WRAPUP 2-Honduras resists pressure to allow Zelaya return
(For full coverage of Honduras, click on [nN28343997])
* Honduras' de facto leaders show no sign of backing down
* Zelaya to start journey home to Honduras
* Arias says Honduras is "completely isolated" (Updates with police comment, protest details)
By Simon Gardner and Esteban Israel
TEGUCIGALPA, July 23 (Reuters) - Honduras will not yield to international pressure for the return to power of President Manuel Zelaya, officials said on Thursday as Zelaya prepared a new bid to go home from exile.
The government that took over after the June 28 coup has agreed to consult with Congress and the Supreme Court on a new proposal that was put forward by Costa Rican President Oscar Arias and includes the leftist Zelaya's reinstatement.
But it threw cold water on hopes for a breakthrough.
"I don't think the Supreme Court or the state prosecutor's office or Congress are going to change their criteria. I think they will maintain their position against Manuel Zelaya's return to power," said Mauricio Villeda, a de facto government negotiator at talks mediated by Arias.
Zelaya said Arias' efforts had failed and that he was going ahead with a plan to cross the border into Honduras from neighboring Nicaragua, defying the threat of arrest.
The United States, Europe and Latin American governments have all tried to pressure Honduras' interim government into backing down, but have so far failed.
Valentin Suarez, the head of Honduras' ruling Liberal Party in Congress, said most lawmakers would vote against Arias' proposal.
"The executive branch, the judiciary and Congress can't all be wrong," Suarez said. "It is a crazy recommendation for Hondurans."
It was the Supreme Court that first ordered Zelaya's ouster and Congress endorsed it, accusing him of violating the constitution by trying to extend presidential terms.
U.S. President Barack Obama has condemned the coup, cut $16.5 million in military aid and threatened to slash economic aid. Zelaya said that is not enough and urged him to impose tougher sanctions against the individuals who led the coup against him and joined the de facto government.
But some Republicans in Congress say Obama has already done too much for Zelaya, a leftist allied with Venezuelan President Hugo Chavez, a fierce critic of the United States.
ZELAYA'S RETURN BID
Zelaya plans to travel overland on Thursday from the Nicaraguan capital, Managua, to the town of Esteli, en route to small towns near the Honduran border.
He declined to say when and where he would ultimately cross over into Honduras, citing security concerns. Asked if he would resist arrest, he said he could not predict what would happen.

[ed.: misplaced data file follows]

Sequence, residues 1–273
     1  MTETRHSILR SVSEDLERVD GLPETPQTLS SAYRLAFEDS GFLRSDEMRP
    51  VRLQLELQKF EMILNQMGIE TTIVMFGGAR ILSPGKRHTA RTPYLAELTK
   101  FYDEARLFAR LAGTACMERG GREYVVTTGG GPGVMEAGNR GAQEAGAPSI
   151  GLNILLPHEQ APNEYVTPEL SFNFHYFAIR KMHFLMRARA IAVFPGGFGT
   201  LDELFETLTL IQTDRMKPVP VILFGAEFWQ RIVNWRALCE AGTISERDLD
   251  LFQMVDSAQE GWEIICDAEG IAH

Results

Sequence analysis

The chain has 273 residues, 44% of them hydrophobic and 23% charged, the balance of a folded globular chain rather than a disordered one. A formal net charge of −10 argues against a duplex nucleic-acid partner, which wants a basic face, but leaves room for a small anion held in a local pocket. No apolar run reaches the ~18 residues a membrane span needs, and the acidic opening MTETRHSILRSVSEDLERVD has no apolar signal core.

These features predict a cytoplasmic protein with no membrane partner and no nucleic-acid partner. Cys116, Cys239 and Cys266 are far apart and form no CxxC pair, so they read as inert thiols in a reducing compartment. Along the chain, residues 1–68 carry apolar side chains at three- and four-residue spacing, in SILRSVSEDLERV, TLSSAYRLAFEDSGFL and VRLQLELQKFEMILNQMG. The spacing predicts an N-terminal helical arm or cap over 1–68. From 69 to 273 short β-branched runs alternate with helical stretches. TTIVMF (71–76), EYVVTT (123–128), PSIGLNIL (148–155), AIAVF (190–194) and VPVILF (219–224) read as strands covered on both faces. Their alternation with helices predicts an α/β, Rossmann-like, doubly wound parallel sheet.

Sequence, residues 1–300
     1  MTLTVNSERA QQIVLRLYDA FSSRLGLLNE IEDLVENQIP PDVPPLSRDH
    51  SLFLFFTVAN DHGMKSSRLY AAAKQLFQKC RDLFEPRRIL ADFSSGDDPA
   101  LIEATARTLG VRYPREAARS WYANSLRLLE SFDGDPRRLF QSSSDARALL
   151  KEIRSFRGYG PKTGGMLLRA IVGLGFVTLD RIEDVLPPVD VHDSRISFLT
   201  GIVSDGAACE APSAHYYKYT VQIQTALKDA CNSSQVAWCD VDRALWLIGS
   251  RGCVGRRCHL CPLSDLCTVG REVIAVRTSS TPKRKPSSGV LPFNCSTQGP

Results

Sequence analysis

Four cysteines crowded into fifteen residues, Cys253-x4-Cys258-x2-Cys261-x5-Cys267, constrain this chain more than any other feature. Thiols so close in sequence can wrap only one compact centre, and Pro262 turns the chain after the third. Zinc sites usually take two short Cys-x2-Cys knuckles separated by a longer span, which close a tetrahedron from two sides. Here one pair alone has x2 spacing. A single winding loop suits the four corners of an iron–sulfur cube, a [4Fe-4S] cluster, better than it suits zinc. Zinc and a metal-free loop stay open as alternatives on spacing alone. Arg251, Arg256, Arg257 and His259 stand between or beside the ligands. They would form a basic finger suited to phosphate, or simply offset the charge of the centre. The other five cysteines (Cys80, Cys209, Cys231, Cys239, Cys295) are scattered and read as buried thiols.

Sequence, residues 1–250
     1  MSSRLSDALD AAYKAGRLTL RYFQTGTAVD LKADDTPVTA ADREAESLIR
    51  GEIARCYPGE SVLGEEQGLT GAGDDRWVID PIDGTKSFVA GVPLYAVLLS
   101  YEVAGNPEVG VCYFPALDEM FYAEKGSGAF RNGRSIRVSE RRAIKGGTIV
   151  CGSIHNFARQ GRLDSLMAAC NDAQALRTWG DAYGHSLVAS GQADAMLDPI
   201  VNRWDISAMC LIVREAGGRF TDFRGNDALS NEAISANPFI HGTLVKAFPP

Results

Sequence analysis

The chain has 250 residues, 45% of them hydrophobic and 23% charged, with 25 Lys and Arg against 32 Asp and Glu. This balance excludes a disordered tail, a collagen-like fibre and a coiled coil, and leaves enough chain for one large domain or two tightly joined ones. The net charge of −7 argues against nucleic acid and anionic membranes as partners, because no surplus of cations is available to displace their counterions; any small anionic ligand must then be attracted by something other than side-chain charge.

"That will unfold once I am there ... There are no charges, no verdict against me," said Zelaya, who was seized by the army in the middle of the night and whisked out of Honduras in his pajamas.
He tried to return by plane earlier this month but troops blocked the runway and a pro-Zelaya protester was killed in clashes with security forces.
The Honduran interim government insisted it would arrest Zelaya if he tried to return to the country.
"There is an arrest order and if Mr Zelaya enters we will proceed according to the law and arrest him," said Daniel Molina, spokesman for the security ministry.
Arias has proposed sending Zelaya back within days under a plan that also includes forming a coalition government and bringing presidential elections forward a month to October. He said it is time for the de facto government to compromise.
"It is completely isolated. They have become the North Korea or the Albania of Central America," Arias said late on Wednesday.
Carlos Lopez, the interim government's foreign minister and lead negotiator, told reporters in Tegucigalpa there was no way Zelaya could return.
"It is not negotiable," he said Wednesday night. "It is not the talks that failed, but the proposal."
Before his ouster, Zelaya alarmed Honduras' business elite by moving the country closer to Venezuela's self-styled socialist leader Chavez.
Zelaya's supporters called for a two-day national strike on Thursday and Friday to demand his return, and say they will also set up roadblocks across the country.
Around 1,000 people blocked a road on the northern outskirts of Tegucigalpa on Thursday, burning tires and causing a tailback of trucks.
"The people are united and will never be beaten," they chanted, waving red flags, some wearing red T-shirts emblazoned with Zelaya's image. (With reporting by Gustavo Palencia, Marco Aquino and Sean Mattson in Tegucigalpa and Juana Casas in San Jose; Editing by Kieran Murray and Doina Chiacu)
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